STAGE: An inside take on Aaron Landsman, Mallory Catlett, and Jim Findlay's interactive 'City Council Meeting'
That's a salubrious position, encouraged by the context at large. Or so I couldn't help thinking. Was it merely coincidence that after leaving rehearsal one night I walked directly into road blocks, sirens, and hundreds of cops — the wake left by a president and secretary of state on political shopping sprees? Is the power that creates such disruption, traffic, and annoyance wherever it goes, like some heedless B-movie giant, even related to the power invested in local government? Was it just coincidence that after leaving another rehearsal a few days later, the Chronicle building was papered over in posters reading, "the media lies as Gaza dies," this time the unsanctioned wake of a protest on behalf of the powerless?
For a moment there, Occupy took back government from representative bodies and held it in the bodies of real people, acting on their own behalf. It was wild, unexpected, and startlingly easy. It was also strikingly creative — and art was everywhere in the movement. It's become clearer since then that the relationship between art and politics is a much more serious question than many of us had realized. We can't afford a paucity of imagination in either. We need the room and wherewithal to ask questions. If nothing else, City Council Meeting asks questions. Including these:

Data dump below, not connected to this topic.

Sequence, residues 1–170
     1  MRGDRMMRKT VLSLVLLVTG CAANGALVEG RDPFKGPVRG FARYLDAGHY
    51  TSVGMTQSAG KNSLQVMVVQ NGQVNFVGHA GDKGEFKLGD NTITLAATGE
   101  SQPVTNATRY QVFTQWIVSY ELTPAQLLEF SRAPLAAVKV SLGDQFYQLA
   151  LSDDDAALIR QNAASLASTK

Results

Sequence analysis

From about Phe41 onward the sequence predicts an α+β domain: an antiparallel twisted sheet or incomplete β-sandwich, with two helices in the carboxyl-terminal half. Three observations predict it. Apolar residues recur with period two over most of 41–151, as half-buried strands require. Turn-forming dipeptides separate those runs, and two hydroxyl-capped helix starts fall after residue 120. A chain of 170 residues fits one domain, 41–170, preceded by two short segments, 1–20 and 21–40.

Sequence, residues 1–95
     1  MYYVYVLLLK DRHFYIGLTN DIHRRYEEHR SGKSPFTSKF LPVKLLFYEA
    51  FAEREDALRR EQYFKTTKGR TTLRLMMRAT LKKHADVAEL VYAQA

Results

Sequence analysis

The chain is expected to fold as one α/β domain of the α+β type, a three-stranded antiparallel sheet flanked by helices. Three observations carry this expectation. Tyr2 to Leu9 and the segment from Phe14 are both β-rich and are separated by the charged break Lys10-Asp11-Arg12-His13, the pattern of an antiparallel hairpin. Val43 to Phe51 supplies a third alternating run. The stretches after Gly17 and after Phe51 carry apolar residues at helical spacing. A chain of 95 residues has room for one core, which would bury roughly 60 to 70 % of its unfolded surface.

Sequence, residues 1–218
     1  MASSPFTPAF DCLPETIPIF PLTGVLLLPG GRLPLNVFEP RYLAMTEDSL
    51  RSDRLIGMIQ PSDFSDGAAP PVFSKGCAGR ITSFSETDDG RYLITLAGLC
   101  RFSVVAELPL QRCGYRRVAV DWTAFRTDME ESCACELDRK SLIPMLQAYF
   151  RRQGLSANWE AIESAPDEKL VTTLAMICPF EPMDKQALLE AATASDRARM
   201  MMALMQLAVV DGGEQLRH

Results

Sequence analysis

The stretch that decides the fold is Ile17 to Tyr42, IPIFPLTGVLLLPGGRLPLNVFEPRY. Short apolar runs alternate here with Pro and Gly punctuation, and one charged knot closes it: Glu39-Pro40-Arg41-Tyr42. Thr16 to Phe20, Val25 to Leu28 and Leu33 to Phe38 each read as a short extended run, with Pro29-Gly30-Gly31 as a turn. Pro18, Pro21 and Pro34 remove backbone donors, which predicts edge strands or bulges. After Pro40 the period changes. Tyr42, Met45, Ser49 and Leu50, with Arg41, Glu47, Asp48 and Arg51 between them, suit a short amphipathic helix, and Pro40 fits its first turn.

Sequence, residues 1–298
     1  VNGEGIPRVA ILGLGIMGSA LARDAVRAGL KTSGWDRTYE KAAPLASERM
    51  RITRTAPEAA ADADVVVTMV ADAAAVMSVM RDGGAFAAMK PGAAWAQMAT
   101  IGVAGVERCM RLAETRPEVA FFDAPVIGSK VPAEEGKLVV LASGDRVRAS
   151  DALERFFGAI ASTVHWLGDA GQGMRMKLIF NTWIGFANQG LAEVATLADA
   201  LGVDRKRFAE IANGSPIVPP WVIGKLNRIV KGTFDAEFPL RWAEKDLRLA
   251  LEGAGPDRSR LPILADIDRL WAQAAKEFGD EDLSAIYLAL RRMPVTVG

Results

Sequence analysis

"Are we working together? Are we capable of it? Is that why this structure is here? Or is that what the structure prevents?" *
CITY COUNCIL MEETING
Fri/1-Sat/2, 7pm; Sun/3, 2pm, $20
450 Florida, SF